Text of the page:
A Poet In New York premieres Wednesday, October 29 on BBC America

Thomas was a great poet whose blazing life and premature death left both a considerable poetic legacy and an enduring reputation for bad behavior. He was also quite fat. Playing him was both a wonderful acting challenge and a great opportunity to eat things that I would normally have to avoid.Tom Hollander
Date: 10.09.2014     Last updated: 10.09.2014 at 16.13
Category: BBC Worldwide
The final days of Dylan Thomas’ tragic life are examined in a film by acclaimed screenwriter Andrew Davies, starring Tom Hollander

A life filled with passion, fame and the harsh realities of addiction is the story behind Dylan Thomas (Tom Hollander, Rev., In The Loop), one of the most renowned poets the world has ever seen. The creator of some of the most memorable lines in the English language, his brilliance, popularity and electrifying tours made him a much-loved celebrity in the US. But his failing marriage, heightened fame and wild, hard-drinking lifestyle led to his untimely death in 1953 at the age of just 39.  Marking the centenary of his birth, A Poet in New York, written by acclaimed screenwriter Andrew Davies (Little Dorrit, Bridget Jones Diary, House of Cards),explores the adored poet’s final days in New York City.  A Poet in New York premieres Wednesday, October 29, at 8:00pm ET as part of BBC AMERICA’s Dramaville.

“Thomas was a great poet whose blazing life and premature death left both a considerable poetic legacy and an enduring reputation for bad behavior,” said Tom Hollander. “He was also quite fat. Playing him was both a wonderful acting challenge and a great opportunity to eat things that I would normally have to avoid.”

Set in New York City and Laugharne in Wales, A Poet in New York begins with Dylan (Tom Hollander) arriving in New York on his fourth and fatal visit to rehearse, write and party. He is on his way to Hollywood to write an opera with famous composer Igor Stravinsky. But, before Dylan heads west, he has to earn enough to fund the trip, so he fulfills a commitment to take part in a production of the recently completed Under Milk Wood at the prestigious Poetry Centre in Manhattan. What might have been a triumphant new departure in his career and life, turns instead into a requiem for a man whose life has spiraled out of control.

With his marriage to the love of his life, Caitlin (Essie Davis, The Slap, Miss Fisher’s Murder Mysteries), in shambles, illness plaguing him, no money, and wholly unhappy with his life, he spends countless hours partying hard, drunk and disillusioned. His life then comes to a premature end on a smog-ridden November day in New York’s Greenwich Village, at the young age of 39.

Moving between his gritty present in New York and beautiful backdrops of the poet’s past life in his hometown of Laugharne, the film, directed by Asiling Walsh (Room at the Top), explores how Dylan’s experiences made his life virtually untenable and examines how his destructive personality played into his own demise.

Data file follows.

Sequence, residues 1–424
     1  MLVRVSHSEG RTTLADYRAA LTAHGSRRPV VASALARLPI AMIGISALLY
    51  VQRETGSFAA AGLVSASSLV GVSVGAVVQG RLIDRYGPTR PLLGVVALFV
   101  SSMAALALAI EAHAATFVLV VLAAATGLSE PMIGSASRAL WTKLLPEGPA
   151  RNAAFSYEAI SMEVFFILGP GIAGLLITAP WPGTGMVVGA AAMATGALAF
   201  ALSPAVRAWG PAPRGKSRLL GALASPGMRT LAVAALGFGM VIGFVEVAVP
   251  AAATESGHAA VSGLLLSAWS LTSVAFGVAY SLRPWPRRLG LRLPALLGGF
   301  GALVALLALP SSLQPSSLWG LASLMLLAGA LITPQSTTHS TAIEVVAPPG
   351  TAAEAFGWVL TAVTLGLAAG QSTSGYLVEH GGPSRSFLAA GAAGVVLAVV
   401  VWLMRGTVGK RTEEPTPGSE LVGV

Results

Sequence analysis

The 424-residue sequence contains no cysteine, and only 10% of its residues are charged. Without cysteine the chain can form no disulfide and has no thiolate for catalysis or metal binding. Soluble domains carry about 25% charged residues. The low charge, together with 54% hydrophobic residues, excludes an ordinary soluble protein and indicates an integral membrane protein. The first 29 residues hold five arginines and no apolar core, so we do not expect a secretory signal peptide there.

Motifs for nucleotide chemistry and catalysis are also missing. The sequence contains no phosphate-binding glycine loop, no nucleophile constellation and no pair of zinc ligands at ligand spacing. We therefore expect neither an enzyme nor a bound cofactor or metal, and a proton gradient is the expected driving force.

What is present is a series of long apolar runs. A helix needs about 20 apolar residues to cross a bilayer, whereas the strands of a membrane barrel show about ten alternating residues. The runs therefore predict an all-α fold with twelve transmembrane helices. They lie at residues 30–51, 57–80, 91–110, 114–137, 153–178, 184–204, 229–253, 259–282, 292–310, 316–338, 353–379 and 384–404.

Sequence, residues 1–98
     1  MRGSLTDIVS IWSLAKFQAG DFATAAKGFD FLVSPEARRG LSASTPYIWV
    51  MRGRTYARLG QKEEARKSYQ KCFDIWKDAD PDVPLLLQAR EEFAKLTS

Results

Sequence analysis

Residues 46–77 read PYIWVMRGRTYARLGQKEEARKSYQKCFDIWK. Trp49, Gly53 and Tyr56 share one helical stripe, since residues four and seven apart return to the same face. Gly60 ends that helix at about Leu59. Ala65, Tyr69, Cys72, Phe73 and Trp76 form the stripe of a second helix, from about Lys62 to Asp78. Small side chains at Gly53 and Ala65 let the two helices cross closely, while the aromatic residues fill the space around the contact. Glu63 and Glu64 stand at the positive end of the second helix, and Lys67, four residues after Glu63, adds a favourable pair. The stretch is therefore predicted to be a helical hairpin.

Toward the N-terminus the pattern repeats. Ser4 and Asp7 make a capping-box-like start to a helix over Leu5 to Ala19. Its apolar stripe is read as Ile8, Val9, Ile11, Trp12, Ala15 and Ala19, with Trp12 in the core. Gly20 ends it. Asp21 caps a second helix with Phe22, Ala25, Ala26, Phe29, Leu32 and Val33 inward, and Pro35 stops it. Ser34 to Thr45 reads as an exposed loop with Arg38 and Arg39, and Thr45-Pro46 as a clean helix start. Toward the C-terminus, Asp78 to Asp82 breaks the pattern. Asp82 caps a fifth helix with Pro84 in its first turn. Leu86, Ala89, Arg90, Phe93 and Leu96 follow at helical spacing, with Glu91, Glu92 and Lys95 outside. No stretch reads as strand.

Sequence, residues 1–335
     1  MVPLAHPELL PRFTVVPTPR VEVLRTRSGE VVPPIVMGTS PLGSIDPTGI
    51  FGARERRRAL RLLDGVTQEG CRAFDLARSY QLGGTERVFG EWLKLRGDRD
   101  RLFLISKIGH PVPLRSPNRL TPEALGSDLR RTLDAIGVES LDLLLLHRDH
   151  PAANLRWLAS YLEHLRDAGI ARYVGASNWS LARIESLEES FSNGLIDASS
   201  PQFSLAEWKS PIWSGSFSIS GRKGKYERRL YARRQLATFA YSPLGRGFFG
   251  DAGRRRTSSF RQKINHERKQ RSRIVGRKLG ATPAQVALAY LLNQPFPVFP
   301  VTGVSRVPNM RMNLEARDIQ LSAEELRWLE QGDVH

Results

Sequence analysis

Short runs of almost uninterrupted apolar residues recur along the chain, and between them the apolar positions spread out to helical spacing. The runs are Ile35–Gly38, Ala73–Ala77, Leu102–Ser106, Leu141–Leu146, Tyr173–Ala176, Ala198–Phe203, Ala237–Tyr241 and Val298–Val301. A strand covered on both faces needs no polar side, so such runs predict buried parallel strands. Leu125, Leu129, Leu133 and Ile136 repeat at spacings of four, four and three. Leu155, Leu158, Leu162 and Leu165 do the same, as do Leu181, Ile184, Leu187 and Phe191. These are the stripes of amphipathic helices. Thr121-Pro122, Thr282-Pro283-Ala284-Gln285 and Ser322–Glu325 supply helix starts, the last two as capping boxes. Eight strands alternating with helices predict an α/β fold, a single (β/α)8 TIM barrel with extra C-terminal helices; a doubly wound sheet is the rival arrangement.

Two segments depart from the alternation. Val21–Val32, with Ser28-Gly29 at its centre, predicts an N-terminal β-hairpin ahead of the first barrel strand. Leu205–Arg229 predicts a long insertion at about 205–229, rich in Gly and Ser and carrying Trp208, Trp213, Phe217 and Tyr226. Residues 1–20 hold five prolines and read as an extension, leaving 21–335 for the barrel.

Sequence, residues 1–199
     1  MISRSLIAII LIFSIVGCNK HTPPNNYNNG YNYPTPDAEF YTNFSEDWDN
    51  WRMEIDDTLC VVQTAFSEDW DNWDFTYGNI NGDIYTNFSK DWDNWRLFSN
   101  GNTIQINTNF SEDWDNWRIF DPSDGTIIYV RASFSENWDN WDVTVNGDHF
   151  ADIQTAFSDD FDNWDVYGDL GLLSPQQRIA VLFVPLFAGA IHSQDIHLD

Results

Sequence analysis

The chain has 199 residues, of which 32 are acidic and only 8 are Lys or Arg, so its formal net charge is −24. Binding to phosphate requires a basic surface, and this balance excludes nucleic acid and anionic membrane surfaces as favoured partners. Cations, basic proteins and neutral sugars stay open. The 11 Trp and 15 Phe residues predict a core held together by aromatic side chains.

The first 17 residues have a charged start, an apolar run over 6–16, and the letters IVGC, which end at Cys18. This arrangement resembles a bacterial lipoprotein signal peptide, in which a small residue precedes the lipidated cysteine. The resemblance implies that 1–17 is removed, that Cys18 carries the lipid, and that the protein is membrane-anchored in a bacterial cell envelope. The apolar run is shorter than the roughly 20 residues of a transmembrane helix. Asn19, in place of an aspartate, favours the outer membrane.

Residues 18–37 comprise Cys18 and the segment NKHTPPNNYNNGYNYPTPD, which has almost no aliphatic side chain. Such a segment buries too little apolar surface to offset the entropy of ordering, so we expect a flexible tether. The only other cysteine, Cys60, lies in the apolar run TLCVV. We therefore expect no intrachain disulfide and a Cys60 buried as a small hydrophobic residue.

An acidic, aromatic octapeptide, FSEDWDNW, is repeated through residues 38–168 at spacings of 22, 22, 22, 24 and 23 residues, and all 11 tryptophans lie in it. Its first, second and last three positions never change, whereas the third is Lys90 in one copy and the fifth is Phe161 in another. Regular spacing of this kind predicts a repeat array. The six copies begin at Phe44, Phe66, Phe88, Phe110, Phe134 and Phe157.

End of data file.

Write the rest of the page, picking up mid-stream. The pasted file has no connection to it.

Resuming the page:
A Poet in New York is a Modern Television production for BBC Cymru Wales. It is produced by Ruth Caleb and executive produced by Griff Rhys Jones.

 

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CAST CREDITS AND PRODUCTION CREDITS

Dylan Thomas                          Tom Hollander (Rev., In The Loop)

Caitlin Thomas                         Essie Davis (The Slap, Miss Fisher’s Murder Mysteries)

John Malcolm Brinnin               Ewen Bremner (Great Expectations, Trainspotting)                  

Liz Reitell                                  Phoebe Fox (The Musketeers, Switch)

Writer                                     Andrew Davies(Little Dorrit, Bridget Jones Diary, House of Cards)

Director                                   Aisling Walsh (Room at the Top, Loving Miss Hatto)

Producer                                  Ruth Caleb (A Short Stay in Switzerland, Born Equal)

Executive Producer                  Griff Rhys Jones (Smith and Jones, Greatest Cities of the World)

 

A Poet in New York is a Modern Television production for BBC Cymru Wales.

 

ANDREW DAVIES ON WRITING A POET IN NEW YORK 

It felt like destiny when Griff Rhys Jones approached me with the idea of writing a film about Dylan Thomas for the centenary of his birth. Dylan had been my early inspiration to become a writer. I remember the first time I came across his work, which was when I had to learn by heart and recite “The Hand That Signed the Paper” for a verse speaking competition in our school Eisteddfod. I fell completely under the spell of his grand sonorous rhythms, and I hoovered up all I could read about him. And to my delight, I discovered that his childhood was very much like mine: he had grown up in a Swansea suburb, his father a teacher at Swansea Grammar School: I grew up in Rhiwbina, Cardiff, my father a teacher at Cardiff High School.  His poems and stories brought to life and celebrated the things I knew about too: the South Wales countryside, the sea, avoiding bullies and chasing girls on Gower Coast beaches like Rhossili and Three Cliffs Bay.  In a way, I felt he’d given me permission to be a writer.

Griff’s original idea was to make a documentary-style drama about the last days of Dylan’s life in New York – ten days or so of ecstatically received performances, one-night stands, alcoholic benders, vomiting fits, asthma attacks, blackouts, coma and death.  There’s an ongoing controversy about what actually killed Dylan Thomas.  Was it really the “eighteen straight whiskies” he said he’d drunk on the fateful night, or was it brought about by Dr. Feltenstein with his “winking needle”? Or was it an insulin crisis brought about by undiagnosed diabetes?  All fascinating stuff, but what I wanted to do, as well,  was celebrate his life, his uniquely winning personality,  his passionate  and stormy relationship with his wife Caitlin, and of course, his unforgettable poetry.  After all, that’s why we’re interested in him.

Dylan was a famous poet by the ‘50s, but then as now, there was little money in poetry, and Dylan was hopeless at managing the money he had.  But America in the ‘50s was a new world of opportunity and temptation.  There, he could make relatively huge sums by giving readings and performances of his work to packed audiences.  Students worshipped him, women flung themselves at him and new friends surrounded him plying him with drink and drugs; it was party after party, every night. It was a world away from his peaceful working life in Laugharne, sitting in his writing shed on the cliff overlooking the glittering estuary, with Caitlin, his daughter Aeronwy, and his little son Colm.